Trade Talk 101: Your Essential Trading Terms Cheat Sheet

By Sarah Abbas

2024 February 06

Jumping into the world of trading can be overwhelming since there are a lot of concepts and ideas you need to grasp before getting started with your first trade. There are some basic trading terms you need to master to become a successful trader. Ever wonder what ‘bearish’ or ‘bullish’ means? Whether you're a newbie excited to start your first trade or a seasoned pro looking to brush up on the basics, this trading terms cheat sheet will get you started in the dynamic world of trading.

Trading Terms A-E


Arbitrage: The practice of exploiting price differences for the same asset in different markets to make a profit.

Ask Price: The minimum amount a seller is willing to accept for a financial instrument, representing the price at which buyers can purchase the asset.

Assets: Assets are possessions, tangible or intangible, owned by individuals or entities, with the expectation of future economic benefits.

Asset Classes: A common trading term that refers to groups of financial instruments with similar characteristics and behaviors such as stocks, currencies, or commodities.

Averaging Down: The investment strategy of purchasing more of a financial asset at a lower price to reduce the overall average investment cost.


Bar Chart: A bar chart is a visual representation of data using rectangular bars. The length of each bar corresponds to the quantity it represents, facilitating easy comparison between different categories or time periods.

Base Currency: In a currency pair, a base currency is the first currency listed, representing the unit against which the exchange rate is quoted in the foreign exchange market (Forex).

Bear Market: A common trading term that refers to the state when prices of financial assets consistently fall, indicating a pessimistic market outlook.

Bearish: Bearish refers to a negative sentiment or expectation that the price of a financial asset is likely to decline.

Bid: A bid is a trading term that refers to the highest price that a buyer is willing to pay for a financial instrument.

Bid-Ask Spread: The bid-ask spread represents the difference between the highest price a buyer is willing to pay (bid) and the lowest price a seller is willing to accept (ask) for a financial instrument, indicating the liquidity and transaction costs in the market.

Bonds: Bonds are debt securities issued by governments, municipalities, or corporations to raise capital.

Broker: A broker is a financial intermediary or agent who facilitates the buying and selling of financial instruments on behalf of clients. The broker earns a commission or fee for their services.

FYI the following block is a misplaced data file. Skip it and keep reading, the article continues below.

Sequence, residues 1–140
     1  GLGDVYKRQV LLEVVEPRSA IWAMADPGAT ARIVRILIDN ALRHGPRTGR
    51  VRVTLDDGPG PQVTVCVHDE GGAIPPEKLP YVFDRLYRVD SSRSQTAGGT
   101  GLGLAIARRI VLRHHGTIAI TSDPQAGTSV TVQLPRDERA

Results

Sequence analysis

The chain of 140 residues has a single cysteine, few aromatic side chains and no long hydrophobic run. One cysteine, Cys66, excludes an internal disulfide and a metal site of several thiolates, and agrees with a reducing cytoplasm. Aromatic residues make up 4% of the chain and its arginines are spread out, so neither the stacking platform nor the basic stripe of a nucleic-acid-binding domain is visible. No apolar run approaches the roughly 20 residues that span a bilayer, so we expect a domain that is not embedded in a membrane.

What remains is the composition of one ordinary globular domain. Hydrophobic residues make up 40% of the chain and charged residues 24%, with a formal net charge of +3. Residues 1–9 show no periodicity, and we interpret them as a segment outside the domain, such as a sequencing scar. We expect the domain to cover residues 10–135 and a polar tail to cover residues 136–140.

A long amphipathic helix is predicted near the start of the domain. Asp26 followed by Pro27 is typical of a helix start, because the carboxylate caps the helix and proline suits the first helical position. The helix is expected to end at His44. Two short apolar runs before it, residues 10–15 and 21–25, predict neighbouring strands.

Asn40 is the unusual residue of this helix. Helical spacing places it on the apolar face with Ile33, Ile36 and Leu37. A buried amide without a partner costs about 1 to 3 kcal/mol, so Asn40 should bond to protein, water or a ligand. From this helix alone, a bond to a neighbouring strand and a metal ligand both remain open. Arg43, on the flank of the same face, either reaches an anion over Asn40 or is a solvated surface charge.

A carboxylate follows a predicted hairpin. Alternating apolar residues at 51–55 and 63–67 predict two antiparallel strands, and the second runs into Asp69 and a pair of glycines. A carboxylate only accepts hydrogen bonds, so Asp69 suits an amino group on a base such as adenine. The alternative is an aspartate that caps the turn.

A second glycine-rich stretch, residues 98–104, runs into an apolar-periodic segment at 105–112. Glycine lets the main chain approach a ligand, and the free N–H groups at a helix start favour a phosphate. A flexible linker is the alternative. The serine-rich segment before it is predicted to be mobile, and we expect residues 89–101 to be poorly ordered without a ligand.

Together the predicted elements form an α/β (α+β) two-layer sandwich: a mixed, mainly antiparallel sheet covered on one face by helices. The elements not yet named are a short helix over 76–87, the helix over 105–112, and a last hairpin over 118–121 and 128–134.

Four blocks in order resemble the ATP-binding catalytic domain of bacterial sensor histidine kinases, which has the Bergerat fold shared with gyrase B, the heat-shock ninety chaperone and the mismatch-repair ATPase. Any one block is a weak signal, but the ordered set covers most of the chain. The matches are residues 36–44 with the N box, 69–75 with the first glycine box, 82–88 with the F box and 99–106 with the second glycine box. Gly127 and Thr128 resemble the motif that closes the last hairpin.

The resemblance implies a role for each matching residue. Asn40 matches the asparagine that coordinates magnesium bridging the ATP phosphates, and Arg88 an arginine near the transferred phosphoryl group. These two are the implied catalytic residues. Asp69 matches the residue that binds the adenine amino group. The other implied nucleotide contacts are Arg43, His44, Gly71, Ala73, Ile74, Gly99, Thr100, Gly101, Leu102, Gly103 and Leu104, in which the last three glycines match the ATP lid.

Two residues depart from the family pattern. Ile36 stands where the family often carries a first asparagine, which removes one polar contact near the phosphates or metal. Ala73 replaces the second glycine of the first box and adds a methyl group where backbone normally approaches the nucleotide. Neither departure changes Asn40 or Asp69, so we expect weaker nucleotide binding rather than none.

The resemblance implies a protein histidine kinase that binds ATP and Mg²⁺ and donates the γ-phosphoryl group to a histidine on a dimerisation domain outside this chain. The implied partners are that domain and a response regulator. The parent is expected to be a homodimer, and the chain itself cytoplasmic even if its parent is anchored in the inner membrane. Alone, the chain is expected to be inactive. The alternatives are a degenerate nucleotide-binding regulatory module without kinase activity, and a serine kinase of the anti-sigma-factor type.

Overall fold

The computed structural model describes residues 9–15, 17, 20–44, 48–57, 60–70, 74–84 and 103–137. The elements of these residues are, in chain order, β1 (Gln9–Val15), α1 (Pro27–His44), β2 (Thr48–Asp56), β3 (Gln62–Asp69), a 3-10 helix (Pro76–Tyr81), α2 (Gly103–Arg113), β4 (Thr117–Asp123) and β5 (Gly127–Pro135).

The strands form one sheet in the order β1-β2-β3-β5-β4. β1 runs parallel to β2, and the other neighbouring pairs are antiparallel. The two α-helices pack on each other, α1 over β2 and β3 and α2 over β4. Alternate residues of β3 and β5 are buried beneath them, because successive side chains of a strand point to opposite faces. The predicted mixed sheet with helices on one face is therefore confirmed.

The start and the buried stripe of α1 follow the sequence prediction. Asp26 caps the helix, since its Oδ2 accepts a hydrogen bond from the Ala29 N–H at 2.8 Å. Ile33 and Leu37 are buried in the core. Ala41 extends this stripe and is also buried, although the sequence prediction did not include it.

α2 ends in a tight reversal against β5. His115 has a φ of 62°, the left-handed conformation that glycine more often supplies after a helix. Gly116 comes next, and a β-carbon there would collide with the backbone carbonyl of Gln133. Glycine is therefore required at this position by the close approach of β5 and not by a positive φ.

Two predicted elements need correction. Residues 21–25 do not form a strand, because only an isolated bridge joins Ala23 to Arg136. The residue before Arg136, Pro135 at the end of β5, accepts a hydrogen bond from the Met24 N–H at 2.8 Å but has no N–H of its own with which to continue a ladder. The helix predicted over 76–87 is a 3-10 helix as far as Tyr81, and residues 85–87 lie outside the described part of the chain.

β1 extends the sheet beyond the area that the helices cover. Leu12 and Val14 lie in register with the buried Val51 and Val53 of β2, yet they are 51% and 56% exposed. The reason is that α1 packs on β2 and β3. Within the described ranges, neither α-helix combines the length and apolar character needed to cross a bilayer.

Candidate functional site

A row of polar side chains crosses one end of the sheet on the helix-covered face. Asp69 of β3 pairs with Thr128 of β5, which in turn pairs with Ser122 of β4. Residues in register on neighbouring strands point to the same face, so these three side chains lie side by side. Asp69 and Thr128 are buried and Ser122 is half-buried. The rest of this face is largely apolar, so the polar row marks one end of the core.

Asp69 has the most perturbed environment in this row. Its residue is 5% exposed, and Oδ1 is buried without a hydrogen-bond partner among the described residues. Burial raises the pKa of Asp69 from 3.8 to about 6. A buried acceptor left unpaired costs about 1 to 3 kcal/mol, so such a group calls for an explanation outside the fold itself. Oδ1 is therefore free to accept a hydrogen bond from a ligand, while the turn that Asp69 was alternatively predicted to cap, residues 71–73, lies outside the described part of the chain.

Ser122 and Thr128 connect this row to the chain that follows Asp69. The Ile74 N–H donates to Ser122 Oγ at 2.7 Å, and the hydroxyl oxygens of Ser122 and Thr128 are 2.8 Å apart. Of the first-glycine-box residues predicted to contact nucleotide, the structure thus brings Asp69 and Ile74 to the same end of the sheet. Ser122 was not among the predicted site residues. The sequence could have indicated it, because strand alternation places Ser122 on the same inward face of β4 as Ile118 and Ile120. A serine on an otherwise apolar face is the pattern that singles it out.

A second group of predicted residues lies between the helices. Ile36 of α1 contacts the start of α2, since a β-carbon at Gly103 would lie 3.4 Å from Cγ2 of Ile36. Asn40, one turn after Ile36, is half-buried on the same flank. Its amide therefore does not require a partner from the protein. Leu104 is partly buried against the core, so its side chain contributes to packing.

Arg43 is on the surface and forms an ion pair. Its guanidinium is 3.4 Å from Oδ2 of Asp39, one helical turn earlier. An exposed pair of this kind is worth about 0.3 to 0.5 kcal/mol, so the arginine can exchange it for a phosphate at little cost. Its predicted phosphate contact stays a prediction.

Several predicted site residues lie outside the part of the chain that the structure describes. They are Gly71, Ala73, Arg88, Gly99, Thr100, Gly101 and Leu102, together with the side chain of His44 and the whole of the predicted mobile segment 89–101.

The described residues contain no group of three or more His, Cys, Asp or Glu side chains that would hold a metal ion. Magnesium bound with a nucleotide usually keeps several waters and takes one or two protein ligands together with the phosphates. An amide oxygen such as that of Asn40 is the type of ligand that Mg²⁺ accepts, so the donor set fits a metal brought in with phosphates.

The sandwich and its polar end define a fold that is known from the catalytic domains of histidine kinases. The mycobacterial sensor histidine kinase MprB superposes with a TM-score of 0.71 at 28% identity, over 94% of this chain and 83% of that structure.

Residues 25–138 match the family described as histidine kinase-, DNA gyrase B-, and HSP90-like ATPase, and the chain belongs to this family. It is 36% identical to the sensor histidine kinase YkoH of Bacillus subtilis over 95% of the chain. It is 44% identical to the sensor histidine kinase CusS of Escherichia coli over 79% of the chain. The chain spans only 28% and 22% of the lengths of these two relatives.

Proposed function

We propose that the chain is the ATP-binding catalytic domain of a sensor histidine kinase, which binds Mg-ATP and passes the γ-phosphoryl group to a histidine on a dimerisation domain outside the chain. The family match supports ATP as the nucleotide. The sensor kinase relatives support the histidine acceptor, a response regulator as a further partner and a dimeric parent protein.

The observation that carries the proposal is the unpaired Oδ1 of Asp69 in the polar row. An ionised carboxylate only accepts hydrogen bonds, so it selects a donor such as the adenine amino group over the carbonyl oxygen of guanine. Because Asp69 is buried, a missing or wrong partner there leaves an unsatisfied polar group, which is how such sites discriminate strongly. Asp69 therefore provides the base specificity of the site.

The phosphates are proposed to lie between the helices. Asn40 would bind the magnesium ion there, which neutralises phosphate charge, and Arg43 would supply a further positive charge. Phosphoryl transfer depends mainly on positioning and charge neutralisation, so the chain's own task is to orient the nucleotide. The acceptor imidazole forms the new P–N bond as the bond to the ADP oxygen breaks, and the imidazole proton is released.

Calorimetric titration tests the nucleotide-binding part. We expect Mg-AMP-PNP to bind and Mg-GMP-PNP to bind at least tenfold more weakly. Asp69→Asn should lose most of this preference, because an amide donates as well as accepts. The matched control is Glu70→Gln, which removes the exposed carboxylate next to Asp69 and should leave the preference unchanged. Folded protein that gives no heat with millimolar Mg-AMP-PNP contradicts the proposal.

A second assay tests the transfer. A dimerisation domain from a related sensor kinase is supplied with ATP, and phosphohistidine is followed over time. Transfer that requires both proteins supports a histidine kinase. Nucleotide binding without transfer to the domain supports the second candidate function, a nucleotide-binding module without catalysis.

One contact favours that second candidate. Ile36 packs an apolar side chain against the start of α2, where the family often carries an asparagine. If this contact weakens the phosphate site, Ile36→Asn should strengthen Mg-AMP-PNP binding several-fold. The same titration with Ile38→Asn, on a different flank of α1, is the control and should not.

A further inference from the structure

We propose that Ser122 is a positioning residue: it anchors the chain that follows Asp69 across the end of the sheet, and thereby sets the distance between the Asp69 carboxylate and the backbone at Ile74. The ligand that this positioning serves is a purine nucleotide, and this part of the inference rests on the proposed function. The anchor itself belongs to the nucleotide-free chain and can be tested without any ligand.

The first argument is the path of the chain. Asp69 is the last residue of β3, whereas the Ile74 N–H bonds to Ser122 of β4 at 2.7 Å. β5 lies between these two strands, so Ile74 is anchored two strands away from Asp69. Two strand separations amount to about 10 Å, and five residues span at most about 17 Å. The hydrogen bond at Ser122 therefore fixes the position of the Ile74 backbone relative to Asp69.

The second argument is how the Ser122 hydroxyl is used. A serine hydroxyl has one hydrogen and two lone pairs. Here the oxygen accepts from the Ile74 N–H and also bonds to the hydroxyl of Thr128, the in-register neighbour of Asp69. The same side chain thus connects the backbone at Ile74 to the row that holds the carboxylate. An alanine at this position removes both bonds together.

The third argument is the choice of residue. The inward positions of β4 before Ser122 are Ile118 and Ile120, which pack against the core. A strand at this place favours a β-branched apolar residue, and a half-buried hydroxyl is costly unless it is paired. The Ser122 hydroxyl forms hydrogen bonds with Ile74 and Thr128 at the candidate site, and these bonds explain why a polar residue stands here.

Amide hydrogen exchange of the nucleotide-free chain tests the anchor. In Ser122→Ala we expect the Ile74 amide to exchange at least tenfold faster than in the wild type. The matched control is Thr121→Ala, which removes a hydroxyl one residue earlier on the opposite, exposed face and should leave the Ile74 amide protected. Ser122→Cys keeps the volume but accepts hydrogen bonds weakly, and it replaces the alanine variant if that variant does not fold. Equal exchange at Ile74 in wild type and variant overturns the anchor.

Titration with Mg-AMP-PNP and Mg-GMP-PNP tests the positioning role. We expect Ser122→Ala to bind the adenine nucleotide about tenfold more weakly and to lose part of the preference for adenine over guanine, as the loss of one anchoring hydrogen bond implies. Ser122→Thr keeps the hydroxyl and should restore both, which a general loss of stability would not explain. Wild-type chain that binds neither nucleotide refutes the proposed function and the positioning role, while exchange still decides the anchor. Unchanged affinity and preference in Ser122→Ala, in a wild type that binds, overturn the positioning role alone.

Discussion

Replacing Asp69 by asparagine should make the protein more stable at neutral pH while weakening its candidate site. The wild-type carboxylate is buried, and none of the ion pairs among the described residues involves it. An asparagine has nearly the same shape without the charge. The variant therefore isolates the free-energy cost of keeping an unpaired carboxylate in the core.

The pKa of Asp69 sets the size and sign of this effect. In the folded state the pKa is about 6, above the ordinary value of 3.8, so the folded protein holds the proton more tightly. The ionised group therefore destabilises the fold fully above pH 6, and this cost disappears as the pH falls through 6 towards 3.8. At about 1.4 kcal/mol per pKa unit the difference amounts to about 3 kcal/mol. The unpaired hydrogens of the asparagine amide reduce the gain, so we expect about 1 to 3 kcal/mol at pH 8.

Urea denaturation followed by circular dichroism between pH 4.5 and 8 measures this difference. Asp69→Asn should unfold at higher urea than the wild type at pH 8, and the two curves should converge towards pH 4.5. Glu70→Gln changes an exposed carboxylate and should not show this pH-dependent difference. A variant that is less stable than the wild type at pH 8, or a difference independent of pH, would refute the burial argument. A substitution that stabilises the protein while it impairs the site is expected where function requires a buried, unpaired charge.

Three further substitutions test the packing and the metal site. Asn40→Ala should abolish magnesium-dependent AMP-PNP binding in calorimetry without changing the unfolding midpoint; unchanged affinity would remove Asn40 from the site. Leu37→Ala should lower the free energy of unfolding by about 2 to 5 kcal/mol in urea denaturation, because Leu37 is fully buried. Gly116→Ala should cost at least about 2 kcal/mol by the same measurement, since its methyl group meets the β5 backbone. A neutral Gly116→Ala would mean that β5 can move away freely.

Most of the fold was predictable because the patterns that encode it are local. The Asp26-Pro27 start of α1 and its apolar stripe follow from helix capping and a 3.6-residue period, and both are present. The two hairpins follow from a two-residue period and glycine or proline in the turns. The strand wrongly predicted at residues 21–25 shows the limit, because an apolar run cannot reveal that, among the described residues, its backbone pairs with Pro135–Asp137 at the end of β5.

Bull Market: A common trading term that refers to the state when prices of financial assets consistently rise, indicating an optimistic market outlook.

Bullish: Bullish refers to a positive sentiment or expectation that the price of a financial asset is likely to rise.

Buy: Taking a long position on an asset, anticipating its value to rise for potential profit.


Call Option: A financial contract that gives the holder the right to buy an asset at a predetermined price within a specified time frame.

Carry Trade: A carry trade is a strategy where an investor borrows money in a low-interest-rate currency to invest in a higher-interest-rate currency, aiming to benefit from the interest rate gap.

Cash In Advance: A trade arrangement where the buyer pays for goods or services before receiving them, minimizing the seller's risk.

Cash Flow: The money that comes in and goes out of a business, showing how well it can cover its expenses.

Closed Position: A common trading term that refers to the situation where an investor has completed the buying or selling of a financial asset, thereby exiting the market for that particular position.

Closing Price: The closing price is the last price at which a financial asset is traded during a specific trading session, marking the end of that period.

Commodity: A commodity is a basic raw material or primary product that can be bought and sold, like gold, oil, or agricultural products.

Contracts for Difference (CFDs): Contracts for Difference (CFDs) are financial derivatives that allow traders to speculate on the price movements of various financial instruments without owning the underlying assets.

Currency Pair: A currency pair is a pairing of two different currencies, showing how much one is worth in terms of the other in the foreign exchange market.


Day Order: A day order is a type of trading order that is only valid for the duration of a single trading day, and if not executed by the market close, it is automatically canceled.

Day Trading: Day trading is a trading term that involves buying and selling financial assets within the same day, trying to profit from short-term price movements.

Derivative: A derivative is a financial contract that gets its value from the changes in the price of something else, like stocks, bonds, or commodities.

Devaluation: Devaluation is when a country intentionally lowers the value of its currency compared to other currencies, usually to boost exports or address economic issues.


End-of-Day Order: An end-of-day order is a trading request to buy or sell a financial asset, and it gets executed at the closing price of the trading day.

Exchange Rate: The exchange rate is the value of one currency in terms of another, representing the rate at which one currency can be exchanged for another in the foreign exchange market.

Expiry Date: The expiry date is the deadline for using or trading a financial contract like an option or futures agreement.


Trading Terms F-L


Financial Instrument: A financial instrument is something you can buy or sell that represents a certain value, like stocks, bonds, or options.

Fixed Costs: Fixed costs are a trading term that refers to regular, predetermined expenses that remain constant regardless of the level of production or sales.

Forex: Forex, or foreign exchange, involves the trading of currencies in a decentralized global market.

Forward Contract: A forward contract is a private agreement between two parties to buy or sell an asset at a predetermined price on a future date.

Futures Contract: A futures contract is a financial agreement to buy or sell an asset at a predetermined price on a specified future date, traded on exchanges.


Gross Domestic Product (GDP): GDP is the total value of goods and services a country produces, helping to measure its economic health.

Gross Margin: The profit a company makes from selling its products after accounting for the production costs.

Guaranteed Stop: A trading safety net, ensuring that an asset is bought or sold at a specific price to limit potential losses.


Hedge: Hedging is a common trading term that refers to having a financial safety net to protect against potential losses by making smart investments.

High-Frequency Trading: The super-fast buying and selling of assets, often done by computers using algorithms to take advantage of tiny price changes.


Illiquid: An asset or market with low trading activity, making it challenging to buy or sell without impacting its price.

Indices Trading: Indices trading involves buying or selling financial instruments based on the performance of a market index, representing a broad snapshot of market conditions.